WHAT IS SEXUAL ASSAULT?
The term “sexual assault” means any nonconsensual sexual act proscribed by Federal, Tribal, or State law, including when the victim lacks capacity to consent.
What to do if you are sexually assaulted
Do not clean up! Its important to preserve the evidence of the attack. Do not shower, bathe, brush your teeth or comb your hair, put on make-up, eat, drink, or change your clothes until advised to do so. Do not touch or change anything at the scene of the assault. As soon as you can, write down, tape or record by any means all details you can recall about the assault and your assailant.
Seek medical attention! Go to your nearest hospital emergency room as soon as possible. You need to be examined, treated for any injuries, and screened for possible sexually transmitted diseases (STD’s) or pregnancy. The doctor will collect evidence using a rape kit for fibers, hairs, saliva, semen, or clothing that the attacker may have left behind. If you suspect you have been drugged, request that a urine sample be collected or a blood test administered.
Get emotional support! Feelings of shame, guilt, fear, and shock are normal. Call a friend or family member you trust to be with you. It is important to get counseling from a trusted professional as well. Ask the hospital staff to connect you with the local rape crisis center that can help you make choices about reporting the attack and provide help through counseling and support groups.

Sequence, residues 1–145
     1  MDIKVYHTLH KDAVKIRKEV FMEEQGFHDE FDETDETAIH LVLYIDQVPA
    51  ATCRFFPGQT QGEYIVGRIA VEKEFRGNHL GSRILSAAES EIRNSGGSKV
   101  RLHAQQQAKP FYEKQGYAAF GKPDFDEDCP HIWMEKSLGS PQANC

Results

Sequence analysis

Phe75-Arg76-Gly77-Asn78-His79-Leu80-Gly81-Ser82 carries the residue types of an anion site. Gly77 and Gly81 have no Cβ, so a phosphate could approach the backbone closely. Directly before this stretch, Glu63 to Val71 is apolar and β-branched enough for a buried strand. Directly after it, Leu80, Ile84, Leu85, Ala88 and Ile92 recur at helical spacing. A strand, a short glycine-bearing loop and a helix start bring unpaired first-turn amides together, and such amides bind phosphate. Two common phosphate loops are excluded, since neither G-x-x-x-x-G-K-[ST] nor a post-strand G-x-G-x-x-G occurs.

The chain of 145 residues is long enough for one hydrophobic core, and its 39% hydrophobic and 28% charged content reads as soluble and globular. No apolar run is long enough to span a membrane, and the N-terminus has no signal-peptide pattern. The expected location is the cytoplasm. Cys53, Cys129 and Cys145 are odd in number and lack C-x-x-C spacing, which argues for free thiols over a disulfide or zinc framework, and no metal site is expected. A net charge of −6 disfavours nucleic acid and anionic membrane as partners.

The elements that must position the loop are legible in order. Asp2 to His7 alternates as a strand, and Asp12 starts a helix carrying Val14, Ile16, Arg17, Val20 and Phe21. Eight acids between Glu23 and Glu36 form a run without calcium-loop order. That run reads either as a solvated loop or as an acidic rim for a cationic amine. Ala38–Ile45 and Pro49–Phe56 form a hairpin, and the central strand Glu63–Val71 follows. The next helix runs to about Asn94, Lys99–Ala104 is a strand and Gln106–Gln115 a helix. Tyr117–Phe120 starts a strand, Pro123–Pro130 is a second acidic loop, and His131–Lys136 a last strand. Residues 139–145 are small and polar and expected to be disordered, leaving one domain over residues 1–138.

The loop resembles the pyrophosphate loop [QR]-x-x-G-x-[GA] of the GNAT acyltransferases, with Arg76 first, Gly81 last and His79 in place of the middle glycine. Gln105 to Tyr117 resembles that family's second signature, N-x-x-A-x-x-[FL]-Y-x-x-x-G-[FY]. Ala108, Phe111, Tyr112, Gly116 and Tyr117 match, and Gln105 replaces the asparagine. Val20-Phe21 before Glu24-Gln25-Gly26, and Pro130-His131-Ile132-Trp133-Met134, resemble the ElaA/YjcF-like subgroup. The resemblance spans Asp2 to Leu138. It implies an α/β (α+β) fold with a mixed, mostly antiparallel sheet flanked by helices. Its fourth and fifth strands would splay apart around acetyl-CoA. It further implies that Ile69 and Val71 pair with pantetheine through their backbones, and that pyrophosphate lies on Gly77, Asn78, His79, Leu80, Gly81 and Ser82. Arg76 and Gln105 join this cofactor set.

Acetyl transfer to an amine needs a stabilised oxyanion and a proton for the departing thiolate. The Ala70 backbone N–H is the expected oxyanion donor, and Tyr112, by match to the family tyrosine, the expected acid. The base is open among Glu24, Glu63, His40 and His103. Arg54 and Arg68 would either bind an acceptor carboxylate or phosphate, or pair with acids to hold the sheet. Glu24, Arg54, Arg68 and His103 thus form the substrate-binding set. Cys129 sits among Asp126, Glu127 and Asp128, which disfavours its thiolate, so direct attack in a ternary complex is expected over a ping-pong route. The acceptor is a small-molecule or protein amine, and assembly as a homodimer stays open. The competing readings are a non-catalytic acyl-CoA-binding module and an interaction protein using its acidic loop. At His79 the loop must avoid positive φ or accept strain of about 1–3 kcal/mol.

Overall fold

Address the long-term effects! The impact of sexual assault doesn’t end with the attack. Talk with a counselor who is trained to assist you with the emotional and physical effects that may continue to affect your life and even the lives of your friends and family.
Rape, Abuse & Incest National Network(link is external)
Advocates are also available to chat (link is external)24/7.(link is external)
National Center for Victims of Crime (link is external)
Campus Safety Guide:
Partner with us to keep California’s community safe by including links to the above sexual assault awareness guides on http://strongheartednativewomen.org/sexual-assault/.